4. Maranda Pleasant

Things she's been called/told: cougar; f*cking bitch; difficult; worthless; too sexual; too direct; bossy cunt; domineering.

She says:

"I’ve lived my life believing labels, and carrying them like commands, living them out since I was a child. I was ridiculed for not having a father by other kids and beaten, leaving scars on my body and deep fear in my bones, by my caretaker. I carried the worthless label most of my life, attracting partners that would validate it. The importance of this piece was recognizing and embracing the words and beliefs that bring us shame, and taking them back, along with our power. They stopped owning me. This released me from a lifetime spent in shame."

5. Zoë Kors

Things she's been called/told: crazy; slut; too much; not enough; f*cking bitch; cunt.

She says:

"When people call me names, the sting is always accompanied by a certain satisfaction. It means I am doing a good job of waking them up. The only reason someone would feel the need to diminish me is if what I am presenting is powerful enough to threaten their sleepy complacency. And that is exactly why I do what I do, to shift paradigms. A wildly-expressed woman cannot be a good girl. The point is not to be liked, but to serve."

This happens to nearly every woman you see.

After seeing such horrible names met with unrelenting determination and grace, we can start talking about it and sorting out the vitriol that we might have internalized, too.

Later this month, Pleasant is plastering all 18 of the images from Mantra in over 200 locations around Paris. Shortly after, she plans to do the same in New York and Los Angeles. She wants women to have the experience of knowing that they aren't alone in being told some pretty nasty things about themselves. She's on a mission to heal the women of the world so we can keep moving forward to reach our individual and collective potential!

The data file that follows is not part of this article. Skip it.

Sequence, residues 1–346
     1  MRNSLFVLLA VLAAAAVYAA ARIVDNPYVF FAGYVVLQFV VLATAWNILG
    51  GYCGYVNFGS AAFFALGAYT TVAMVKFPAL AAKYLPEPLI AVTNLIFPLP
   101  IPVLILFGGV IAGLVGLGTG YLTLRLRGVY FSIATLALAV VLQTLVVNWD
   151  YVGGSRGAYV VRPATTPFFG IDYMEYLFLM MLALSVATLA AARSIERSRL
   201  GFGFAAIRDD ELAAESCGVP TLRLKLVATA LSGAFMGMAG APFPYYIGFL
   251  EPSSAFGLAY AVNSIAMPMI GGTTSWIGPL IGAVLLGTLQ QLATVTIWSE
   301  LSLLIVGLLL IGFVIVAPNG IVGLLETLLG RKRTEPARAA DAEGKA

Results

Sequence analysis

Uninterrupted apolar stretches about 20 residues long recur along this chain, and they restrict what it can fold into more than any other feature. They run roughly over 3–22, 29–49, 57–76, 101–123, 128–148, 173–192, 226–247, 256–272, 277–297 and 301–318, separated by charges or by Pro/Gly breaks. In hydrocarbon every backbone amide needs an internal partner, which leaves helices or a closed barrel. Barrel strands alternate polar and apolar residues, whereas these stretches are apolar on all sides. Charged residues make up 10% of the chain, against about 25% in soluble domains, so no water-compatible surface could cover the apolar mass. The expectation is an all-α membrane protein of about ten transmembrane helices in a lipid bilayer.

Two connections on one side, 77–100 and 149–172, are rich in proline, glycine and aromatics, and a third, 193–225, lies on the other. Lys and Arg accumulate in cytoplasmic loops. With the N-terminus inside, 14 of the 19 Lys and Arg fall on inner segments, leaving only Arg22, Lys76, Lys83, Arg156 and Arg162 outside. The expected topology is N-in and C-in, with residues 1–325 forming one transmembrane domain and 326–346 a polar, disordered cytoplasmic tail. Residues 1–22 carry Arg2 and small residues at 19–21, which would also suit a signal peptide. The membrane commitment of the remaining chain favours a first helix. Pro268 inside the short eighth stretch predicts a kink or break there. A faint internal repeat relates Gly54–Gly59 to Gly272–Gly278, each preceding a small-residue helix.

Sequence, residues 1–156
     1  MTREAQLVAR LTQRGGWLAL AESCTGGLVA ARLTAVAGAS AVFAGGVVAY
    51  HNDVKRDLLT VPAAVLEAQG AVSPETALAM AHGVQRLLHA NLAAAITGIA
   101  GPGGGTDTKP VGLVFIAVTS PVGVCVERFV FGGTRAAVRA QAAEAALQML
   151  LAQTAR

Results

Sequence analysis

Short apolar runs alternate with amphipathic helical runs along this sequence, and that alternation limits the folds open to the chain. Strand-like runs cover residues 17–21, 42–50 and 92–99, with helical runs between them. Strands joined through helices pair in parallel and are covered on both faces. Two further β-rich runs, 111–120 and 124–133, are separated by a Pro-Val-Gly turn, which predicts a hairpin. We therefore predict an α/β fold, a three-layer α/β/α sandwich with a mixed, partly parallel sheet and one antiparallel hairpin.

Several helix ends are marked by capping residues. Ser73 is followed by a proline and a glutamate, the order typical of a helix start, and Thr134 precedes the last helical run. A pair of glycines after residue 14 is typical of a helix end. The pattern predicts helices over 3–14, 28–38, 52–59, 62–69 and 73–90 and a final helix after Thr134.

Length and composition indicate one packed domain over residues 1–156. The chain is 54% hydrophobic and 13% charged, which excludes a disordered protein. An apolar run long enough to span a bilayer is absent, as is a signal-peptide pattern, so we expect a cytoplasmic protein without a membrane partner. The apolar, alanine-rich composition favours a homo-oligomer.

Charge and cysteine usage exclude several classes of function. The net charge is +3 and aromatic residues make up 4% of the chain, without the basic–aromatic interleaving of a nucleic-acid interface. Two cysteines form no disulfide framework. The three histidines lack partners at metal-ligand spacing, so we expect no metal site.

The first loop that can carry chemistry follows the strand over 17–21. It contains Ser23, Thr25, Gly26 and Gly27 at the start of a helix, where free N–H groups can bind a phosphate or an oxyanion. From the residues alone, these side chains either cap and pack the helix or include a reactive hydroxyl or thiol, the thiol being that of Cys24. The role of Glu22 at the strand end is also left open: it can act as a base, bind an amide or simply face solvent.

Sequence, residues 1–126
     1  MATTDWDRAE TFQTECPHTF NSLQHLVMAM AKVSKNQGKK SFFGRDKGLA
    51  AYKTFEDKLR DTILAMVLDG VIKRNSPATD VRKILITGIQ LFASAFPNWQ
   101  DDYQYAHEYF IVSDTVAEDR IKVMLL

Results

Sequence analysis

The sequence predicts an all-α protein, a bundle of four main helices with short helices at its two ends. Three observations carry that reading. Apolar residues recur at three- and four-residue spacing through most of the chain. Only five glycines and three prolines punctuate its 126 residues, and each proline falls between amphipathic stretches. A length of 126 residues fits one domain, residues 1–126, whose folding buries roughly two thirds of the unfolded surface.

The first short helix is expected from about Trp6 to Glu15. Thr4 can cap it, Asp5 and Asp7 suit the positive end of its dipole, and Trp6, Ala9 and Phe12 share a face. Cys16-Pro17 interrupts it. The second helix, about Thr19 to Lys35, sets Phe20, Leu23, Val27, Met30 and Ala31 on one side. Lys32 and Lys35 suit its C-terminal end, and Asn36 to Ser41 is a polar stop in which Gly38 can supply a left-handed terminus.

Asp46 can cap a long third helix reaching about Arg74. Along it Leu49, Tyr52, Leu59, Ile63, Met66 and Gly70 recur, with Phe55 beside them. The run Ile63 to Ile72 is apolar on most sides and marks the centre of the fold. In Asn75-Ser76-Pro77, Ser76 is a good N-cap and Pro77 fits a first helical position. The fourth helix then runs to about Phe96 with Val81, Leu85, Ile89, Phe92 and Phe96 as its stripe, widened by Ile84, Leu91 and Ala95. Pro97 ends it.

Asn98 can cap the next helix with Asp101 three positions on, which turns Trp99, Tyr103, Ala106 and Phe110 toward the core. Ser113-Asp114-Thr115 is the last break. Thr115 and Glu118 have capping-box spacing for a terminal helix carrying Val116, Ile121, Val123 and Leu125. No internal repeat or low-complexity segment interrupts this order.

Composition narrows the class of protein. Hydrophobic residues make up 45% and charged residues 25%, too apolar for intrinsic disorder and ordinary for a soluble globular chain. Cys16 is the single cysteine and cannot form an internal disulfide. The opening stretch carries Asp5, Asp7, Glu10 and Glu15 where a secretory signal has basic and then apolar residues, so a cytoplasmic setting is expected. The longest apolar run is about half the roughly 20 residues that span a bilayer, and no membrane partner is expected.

So let's start right now with ourselves. If you saw a piece of yourself in these images and stories, let's share this on Facebook and talk about the kinds of names we ourselves have been called. It's time to let them go.

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In many ways, 18-year-old Idaho native, Hank Cazier, is like any other teenager you've met. He loves chocolate, pop music, and playing games with his family. He has lofty dreams of modeling for a major clothing company one day. But one thing that sets him apart may also jeopardize his future is his recent battle against a brain tumor.

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Enter Make-A-Wish, a nonprofit organization that grants wishes for children battling critical illnesses, providing them a chance to make the impossible possible. The organization partnered with Macy's to raise awareness and help make those wishes a reality. The hope is that the "wish effect" will improve their quality of life and empower them with the strength they need to overcome these illnesses and look towards the future. That was a particularly big deal for Cazier, who had been feeling like so many of his wishes weren't going to be possible because of his critical illness.

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Courtesy of Macy's

Make-A-Wish can't fulfill children's wishes without the generosity of donors and partners like Macy's. In fact, since 2003, Macy's has given more than $122 million to Make-A-Wish and impacted the lives of more than 2.9 million people.

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One of the best parts about the day for him was the kindness everyone who helped make it happen showed him.

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Courtesy of Macy's

Overall, Cazier feels he grew a lot during his modeling wish and is now emboldened to work towards a better quality of life. "I want to acquire skills that help me continue to improve in these circumstances," he says.

You can change the lives of more kids like Cazier just by writing a letter to Santa and dropping it in the big red letterbox at Macy's (you can also write and submit one online). For every letter received before Dec. 24, 2019, Macy's will donate $1 to Make-A-Wish, up to $1 million. By writing a letter to Santa, you can help a child replace fear with confidence, sadness with joy, and anxiety with hope.